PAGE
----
I was sittin' out back nursing a Lonestar longneck—yeah, it's hard to find in the Wine country—listening to my iPod. Faron Young started crooning "The Other Woman (In My Life)" and I thought, damn, that's a sad song. Feeling a jolt of the Texas born alcohol and feeling melancholy from the music I took pen to paper...
Don't accuse me of being without feelings
If you do, you know that you're wrong
For it was you who was careless
And you drove me into another's arms
Love, oh love, oh careless love
You see what love has done to me
- "Careless Love" Traditional
The bartender shot me another aggravated look as I slid the bottle of Lonestar around in circles on the counter—the sweat from the cold bottles lined up in a careful row mixed with the ashes carelessly shed from the first pack of cigarettes I'd bought in over twenty years were mixed together in a sloppy mess.
Every time he came closer with his rag, I shooed him away with another sawbuck and a wiggle of the latest installment of my attempt to drown in my misery. He was good at bringing a new cold one but, damn; he did have a thing for cleanliness.
Looking into the flyspecked mirror—I guess it was just the bar he had this cleanin' fetish about—I saw this pushin' middle aged (and pushing very hard!) man peeking with red rimmed eyes through the nest of long necks. Being honest with myself—something I hadn't done about Dottie for a long time—I conceded that I wasn't like the handsome, virile young man I'd seen my "lovin' wife" with last night.
Yeah, I could see a gleam of reflected light through the thinning hair on my head and the wrinkles around my eyes showed the effects of all those years working outdoors in the sun and weather at the ranch tryin' to keep Dottie happy. I nodded to myself thinking once again that money (nor hard work) didn't buy happiness.
I heard the clink of coins dropping into the jukebox and through that mirror I looked over to see the only guy in the place more pathetic than I leaning on the source of that sad music. I swore, if Hank Thompson started playing that damn "Wild Side of Life" again, I was gonna stick one of these longnecks where it'd do the most good.
Sure enough, as I gave a deep and lonely sigh, the music cried out:
I might have known you'd never make a wife.
You gave up the only one that really loves you.
And went back to the wild side of life.
Tears came to my eyes as I wagged the empty, asking for more solace.
It wasn't anything grand. I mean I didn't suspect anything ... hell, I didn't even have a clue. I almost never left the ranch in the evenings—I was always too damn tired. Jerry had called me and said he really needed some of the casing pipe I had left over from puttin' in a well a few weeks back. He had a leak in the well for one of his stock tanks and "would I do him a big favor?"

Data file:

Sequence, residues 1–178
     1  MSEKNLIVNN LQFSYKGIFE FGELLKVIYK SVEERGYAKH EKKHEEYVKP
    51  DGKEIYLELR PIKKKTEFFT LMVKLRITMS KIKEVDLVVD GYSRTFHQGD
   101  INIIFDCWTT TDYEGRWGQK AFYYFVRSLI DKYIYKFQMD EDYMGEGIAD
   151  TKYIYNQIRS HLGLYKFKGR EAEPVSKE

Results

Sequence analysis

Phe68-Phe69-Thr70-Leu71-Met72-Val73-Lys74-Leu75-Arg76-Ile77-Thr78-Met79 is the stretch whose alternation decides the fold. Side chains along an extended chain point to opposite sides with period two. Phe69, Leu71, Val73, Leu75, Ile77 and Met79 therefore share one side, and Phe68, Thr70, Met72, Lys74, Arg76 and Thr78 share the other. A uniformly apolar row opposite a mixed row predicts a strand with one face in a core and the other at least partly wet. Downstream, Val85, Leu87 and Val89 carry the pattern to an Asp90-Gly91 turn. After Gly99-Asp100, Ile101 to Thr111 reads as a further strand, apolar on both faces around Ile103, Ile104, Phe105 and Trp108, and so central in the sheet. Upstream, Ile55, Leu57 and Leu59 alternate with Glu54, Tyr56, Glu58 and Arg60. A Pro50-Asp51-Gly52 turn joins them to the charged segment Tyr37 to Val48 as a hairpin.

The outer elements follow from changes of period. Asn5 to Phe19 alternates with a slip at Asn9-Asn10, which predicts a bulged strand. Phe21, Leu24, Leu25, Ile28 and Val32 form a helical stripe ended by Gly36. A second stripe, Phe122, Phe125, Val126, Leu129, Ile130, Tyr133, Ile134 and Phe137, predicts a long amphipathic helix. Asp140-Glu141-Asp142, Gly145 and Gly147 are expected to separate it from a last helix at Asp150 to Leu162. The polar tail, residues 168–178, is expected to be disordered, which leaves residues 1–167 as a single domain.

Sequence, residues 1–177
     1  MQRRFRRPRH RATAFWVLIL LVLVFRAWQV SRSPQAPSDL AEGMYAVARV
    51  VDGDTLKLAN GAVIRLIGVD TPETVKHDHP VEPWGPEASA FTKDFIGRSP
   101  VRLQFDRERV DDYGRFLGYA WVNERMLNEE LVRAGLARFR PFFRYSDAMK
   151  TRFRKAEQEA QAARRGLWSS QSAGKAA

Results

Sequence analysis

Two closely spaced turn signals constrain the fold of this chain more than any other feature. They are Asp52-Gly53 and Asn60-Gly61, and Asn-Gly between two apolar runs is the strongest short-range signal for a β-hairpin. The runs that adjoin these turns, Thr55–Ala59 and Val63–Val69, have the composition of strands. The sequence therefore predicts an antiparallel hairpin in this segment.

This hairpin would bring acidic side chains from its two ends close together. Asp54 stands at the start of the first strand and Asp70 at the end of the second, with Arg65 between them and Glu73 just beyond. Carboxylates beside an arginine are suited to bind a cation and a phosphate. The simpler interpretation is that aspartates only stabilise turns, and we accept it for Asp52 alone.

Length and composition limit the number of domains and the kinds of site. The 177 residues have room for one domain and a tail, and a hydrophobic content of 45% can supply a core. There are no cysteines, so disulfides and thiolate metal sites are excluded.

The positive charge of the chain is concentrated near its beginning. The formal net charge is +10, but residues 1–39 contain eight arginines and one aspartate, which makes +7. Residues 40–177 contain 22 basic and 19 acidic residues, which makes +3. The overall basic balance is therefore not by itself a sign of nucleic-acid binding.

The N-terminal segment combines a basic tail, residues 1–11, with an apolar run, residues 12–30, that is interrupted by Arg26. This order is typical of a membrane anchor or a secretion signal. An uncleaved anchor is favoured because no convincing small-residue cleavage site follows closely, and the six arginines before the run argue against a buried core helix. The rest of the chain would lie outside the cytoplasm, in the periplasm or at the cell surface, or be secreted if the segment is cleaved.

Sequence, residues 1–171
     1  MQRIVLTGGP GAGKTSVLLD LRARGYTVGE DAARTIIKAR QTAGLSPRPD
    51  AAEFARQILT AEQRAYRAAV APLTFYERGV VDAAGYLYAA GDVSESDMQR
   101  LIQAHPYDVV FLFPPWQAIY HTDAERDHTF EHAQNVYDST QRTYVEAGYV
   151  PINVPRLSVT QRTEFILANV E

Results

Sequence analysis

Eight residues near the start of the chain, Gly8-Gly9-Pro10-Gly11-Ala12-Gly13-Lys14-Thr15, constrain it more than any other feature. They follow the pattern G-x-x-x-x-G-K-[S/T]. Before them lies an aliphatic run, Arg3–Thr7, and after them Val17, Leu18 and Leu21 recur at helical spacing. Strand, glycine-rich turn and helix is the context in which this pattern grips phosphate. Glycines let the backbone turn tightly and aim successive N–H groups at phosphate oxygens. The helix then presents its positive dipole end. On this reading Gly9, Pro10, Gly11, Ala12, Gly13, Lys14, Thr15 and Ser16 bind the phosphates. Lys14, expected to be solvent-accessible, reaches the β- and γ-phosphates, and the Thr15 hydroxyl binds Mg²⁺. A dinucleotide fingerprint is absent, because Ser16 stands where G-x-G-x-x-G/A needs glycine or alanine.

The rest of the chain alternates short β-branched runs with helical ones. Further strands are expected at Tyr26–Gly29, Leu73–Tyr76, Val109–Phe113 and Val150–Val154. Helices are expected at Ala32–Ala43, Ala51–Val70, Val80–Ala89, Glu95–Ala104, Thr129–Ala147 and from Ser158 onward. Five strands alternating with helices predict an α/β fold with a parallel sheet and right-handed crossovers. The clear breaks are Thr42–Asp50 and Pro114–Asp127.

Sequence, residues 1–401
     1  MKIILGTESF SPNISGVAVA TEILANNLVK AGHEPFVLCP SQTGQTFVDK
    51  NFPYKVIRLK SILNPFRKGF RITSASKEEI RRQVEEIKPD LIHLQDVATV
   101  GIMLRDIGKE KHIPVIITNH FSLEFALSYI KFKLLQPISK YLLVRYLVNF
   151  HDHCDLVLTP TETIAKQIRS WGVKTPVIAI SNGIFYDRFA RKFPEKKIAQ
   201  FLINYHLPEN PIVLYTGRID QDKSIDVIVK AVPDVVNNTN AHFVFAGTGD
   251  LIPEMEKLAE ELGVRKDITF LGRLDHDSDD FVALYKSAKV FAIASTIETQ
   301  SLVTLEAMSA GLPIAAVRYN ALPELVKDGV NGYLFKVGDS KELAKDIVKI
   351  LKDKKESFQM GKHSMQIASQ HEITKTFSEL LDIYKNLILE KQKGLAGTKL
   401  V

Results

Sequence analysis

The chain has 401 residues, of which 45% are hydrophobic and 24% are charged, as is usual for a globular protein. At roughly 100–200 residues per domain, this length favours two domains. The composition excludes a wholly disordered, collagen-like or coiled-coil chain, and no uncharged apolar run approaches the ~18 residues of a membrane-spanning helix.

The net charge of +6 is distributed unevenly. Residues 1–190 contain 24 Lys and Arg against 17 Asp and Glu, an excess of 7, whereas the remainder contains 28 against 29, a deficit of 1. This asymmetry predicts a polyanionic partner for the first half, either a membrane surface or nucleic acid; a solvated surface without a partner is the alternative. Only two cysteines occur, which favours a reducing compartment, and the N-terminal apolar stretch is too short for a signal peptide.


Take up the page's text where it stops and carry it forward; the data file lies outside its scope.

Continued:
So I loaded up the truck with what I had and drove into Uvalde. My ranch was a few miles southwest of Sabinal. We shared a beer and I started back. I was tired and still thirsty so I pulled into Jake's Place—a few blocks before pickin' up highway 90—on the way back. It was a new place, more of a dance hall than a bar. I pulled up and was shocked to see Dottie's Jeep in the parking lot. She told me she was goin' up to Hereford to help her friend Nancy who's youngest was down with the colic. She'd said that she would probably stay overnight.
I sat there in the hot summer night, the pinging of the cooling engine an offbeat counter point to the dance music coming through the open doors. The sweat was making tracks through the dust on my face and I could smell the long day of backbreakin' work on my clothes.
Gathering myself I got out and walked over to the door. The music was louder here and I stopped inside by the rest rooms looking around. Finally I saw Dottie and this kid—hell, he couldn't have been more that twenty-five—movin' in the shadows by the back door. The band was playing a fast two-step but they were dancin' somethin' slower than a waltz ... if dancin' is what it was. His hands were all over her and she sure weren't complainin'!
I watched for a minute, undecided, when she put her arms around him and gave him a big kiss—sure looked like she was trying to ream out his tonsils. Breaking the hug she took his arm and dragged him out the door—left open in the misguided hope of a fresh breeze. I knew then it was gonna be bad.
I walked back outside and around the building as they were getting' in the back seat of a big crew cab truck. I slowly walked up to the truck. It was hard to see in—the truck was high off the ground. When I saw her dress carelessly tossed over to the front seat I knew there was nothin' I wanted to see anyway.